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Precise Def'n of Limit Proving the Sum Rule

  1. Sep 13, 2009 #1
    Alrighty-then :smile:

    I am going over a proof in Thomas' Calculus and I am not understanding a step.

    Given that [itex]\lim_{x\rightarrow c}f(x)=L \text{ and } \lim_{x\rightarrow c}g(x)=M[/itex] prove that [itex]\lim_{x\rightarrow c}(f(x)+g(x))=L+M[/itex]

    Solution: He uses the triangle inequality to break up the summation


    Then he says:

    "Since [itex]\lim_{x\rightarrow c}f(x)=L[/itex], there exists some number [itex]\delta_1>0[/itex] such that for all x

    [itex]0<|x-c|<\delta_1\Rightarrow|f(x)-L|<\epsilon/2[/itex] "

    I get lost there. Why [itex]\epsilon/2[/itex]?


    PS: Please don't yell at me Dick :smile:
  2. jcsd
  3. Sep 13, 2009 #2


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    Because he is going to want to say that |f(x)-L|+|g(x)-M| is less than epsilon. If each term is less than epsilon/2 then they sum to less than epsilon. He's just picking the funny number 'e/2' so that he gets a nice neat 'e' at the end.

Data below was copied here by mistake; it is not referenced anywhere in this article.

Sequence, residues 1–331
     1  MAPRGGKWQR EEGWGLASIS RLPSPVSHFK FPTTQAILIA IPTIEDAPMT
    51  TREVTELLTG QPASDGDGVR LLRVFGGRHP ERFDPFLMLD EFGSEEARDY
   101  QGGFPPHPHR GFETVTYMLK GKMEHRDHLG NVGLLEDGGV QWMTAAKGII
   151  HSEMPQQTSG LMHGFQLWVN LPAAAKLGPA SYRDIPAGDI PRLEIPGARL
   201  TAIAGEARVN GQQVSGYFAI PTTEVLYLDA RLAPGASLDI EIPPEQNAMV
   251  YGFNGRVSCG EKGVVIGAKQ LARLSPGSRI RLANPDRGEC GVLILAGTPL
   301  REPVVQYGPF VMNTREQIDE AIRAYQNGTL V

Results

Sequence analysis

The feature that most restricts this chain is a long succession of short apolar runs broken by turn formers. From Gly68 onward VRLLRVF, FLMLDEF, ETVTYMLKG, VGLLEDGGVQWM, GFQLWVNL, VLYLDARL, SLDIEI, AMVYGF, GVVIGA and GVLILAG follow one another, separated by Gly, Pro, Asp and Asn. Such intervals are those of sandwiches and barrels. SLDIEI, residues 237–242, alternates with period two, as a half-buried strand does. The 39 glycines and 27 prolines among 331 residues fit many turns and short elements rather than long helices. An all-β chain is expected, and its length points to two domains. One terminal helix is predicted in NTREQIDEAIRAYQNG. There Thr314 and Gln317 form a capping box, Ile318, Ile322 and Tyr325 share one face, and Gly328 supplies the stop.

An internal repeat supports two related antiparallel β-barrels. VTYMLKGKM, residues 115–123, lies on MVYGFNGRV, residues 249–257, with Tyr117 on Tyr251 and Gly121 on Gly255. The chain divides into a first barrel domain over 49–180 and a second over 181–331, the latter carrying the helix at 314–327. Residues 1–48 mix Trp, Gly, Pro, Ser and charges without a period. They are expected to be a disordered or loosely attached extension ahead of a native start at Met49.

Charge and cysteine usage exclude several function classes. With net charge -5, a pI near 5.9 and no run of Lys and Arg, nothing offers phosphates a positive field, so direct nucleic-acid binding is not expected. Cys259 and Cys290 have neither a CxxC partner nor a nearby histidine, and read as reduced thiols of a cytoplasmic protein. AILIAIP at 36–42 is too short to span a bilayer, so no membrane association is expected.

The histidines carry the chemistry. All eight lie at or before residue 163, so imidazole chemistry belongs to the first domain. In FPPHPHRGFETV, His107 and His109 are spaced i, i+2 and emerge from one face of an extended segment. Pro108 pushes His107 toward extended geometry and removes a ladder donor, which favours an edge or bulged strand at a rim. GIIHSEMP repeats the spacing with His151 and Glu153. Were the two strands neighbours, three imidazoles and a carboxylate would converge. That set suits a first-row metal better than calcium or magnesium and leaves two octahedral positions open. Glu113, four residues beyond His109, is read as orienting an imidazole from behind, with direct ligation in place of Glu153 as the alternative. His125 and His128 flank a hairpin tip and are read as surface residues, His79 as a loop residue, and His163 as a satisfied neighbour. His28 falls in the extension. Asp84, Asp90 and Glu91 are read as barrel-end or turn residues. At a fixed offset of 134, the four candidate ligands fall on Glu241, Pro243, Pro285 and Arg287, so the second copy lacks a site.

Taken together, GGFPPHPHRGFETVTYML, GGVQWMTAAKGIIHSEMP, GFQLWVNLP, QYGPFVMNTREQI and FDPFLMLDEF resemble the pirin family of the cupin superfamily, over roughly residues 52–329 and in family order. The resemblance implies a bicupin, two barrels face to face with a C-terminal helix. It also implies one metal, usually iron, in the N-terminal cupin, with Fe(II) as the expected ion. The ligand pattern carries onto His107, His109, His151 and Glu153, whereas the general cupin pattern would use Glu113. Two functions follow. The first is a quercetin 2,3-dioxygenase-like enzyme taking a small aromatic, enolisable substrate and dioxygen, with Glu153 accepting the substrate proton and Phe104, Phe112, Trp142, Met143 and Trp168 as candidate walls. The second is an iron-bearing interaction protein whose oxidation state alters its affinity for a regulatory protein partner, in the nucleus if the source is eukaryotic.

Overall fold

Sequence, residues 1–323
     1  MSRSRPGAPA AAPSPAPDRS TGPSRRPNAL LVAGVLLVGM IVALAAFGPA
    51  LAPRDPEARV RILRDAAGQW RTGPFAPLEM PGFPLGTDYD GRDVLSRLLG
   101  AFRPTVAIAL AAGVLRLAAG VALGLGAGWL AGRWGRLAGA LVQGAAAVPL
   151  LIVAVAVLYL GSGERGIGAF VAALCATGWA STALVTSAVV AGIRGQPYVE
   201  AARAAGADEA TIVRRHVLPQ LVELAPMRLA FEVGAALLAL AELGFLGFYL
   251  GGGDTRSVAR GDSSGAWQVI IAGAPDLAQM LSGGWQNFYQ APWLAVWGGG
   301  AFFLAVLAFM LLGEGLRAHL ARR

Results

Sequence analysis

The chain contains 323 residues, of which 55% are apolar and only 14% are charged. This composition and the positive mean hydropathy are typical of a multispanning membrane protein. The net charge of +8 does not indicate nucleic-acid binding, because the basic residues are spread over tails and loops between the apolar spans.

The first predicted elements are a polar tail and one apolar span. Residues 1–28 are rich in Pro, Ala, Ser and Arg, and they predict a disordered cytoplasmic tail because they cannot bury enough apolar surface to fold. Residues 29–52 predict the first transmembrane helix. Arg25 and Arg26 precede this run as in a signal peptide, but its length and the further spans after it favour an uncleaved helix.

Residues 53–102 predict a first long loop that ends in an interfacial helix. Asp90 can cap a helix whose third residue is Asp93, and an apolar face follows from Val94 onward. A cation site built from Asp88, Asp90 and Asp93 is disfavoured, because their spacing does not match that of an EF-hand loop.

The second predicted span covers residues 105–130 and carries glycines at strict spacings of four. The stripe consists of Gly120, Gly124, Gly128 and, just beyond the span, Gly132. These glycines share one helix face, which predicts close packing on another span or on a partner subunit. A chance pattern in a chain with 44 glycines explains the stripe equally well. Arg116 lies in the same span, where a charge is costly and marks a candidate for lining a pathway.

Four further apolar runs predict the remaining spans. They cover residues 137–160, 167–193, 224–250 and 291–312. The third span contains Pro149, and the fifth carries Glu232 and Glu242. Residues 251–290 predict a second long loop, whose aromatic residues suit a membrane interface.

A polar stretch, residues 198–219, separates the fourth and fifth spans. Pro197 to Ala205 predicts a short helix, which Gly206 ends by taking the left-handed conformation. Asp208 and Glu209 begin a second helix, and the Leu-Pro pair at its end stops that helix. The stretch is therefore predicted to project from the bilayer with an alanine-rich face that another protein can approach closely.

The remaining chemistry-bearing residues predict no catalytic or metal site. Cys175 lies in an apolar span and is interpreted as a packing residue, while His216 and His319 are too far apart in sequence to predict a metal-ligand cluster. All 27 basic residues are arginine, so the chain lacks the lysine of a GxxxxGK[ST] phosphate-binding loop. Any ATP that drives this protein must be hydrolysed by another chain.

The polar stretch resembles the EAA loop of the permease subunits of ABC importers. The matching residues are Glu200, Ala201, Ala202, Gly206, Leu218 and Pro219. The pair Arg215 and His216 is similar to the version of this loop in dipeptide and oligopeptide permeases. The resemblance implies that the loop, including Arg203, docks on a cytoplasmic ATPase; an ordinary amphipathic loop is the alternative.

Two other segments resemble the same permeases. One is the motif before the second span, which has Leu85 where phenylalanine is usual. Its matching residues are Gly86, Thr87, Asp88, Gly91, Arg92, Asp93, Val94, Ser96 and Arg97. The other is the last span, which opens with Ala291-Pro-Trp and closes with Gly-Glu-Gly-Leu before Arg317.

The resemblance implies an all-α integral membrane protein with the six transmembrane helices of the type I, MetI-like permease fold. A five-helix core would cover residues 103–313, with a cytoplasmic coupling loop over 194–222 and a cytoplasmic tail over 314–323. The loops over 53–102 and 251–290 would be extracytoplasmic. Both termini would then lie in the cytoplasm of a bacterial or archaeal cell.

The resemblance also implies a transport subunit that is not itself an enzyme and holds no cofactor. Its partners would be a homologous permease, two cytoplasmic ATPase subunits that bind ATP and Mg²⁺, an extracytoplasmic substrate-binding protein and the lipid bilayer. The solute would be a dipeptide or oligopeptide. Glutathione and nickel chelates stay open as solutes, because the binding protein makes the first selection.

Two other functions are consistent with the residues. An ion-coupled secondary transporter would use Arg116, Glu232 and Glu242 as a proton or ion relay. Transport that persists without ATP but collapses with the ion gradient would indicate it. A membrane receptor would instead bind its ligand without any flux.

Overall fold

4. Sep 13, 2009 #3
    No reason really. e/2 is an arbitrary number >0 just like e. He just plans to add another e/2 to it later to get e. He may just as well have started with e and the end of the proof would have 2e, which would have been fine as well, except for pedantry interested in getting the exact statement of a previous theorem/axiom.
  5. Sep 13, 2009 #4
    Okay then. So it was just a 'choice' that he made. Not something that was 'dictated' by any of the given conditions.

    That is, since we can get within 'e' of 'L' at some delta, then for the sake of the proof, let's go ahead and get within 'e/2' of 'L'
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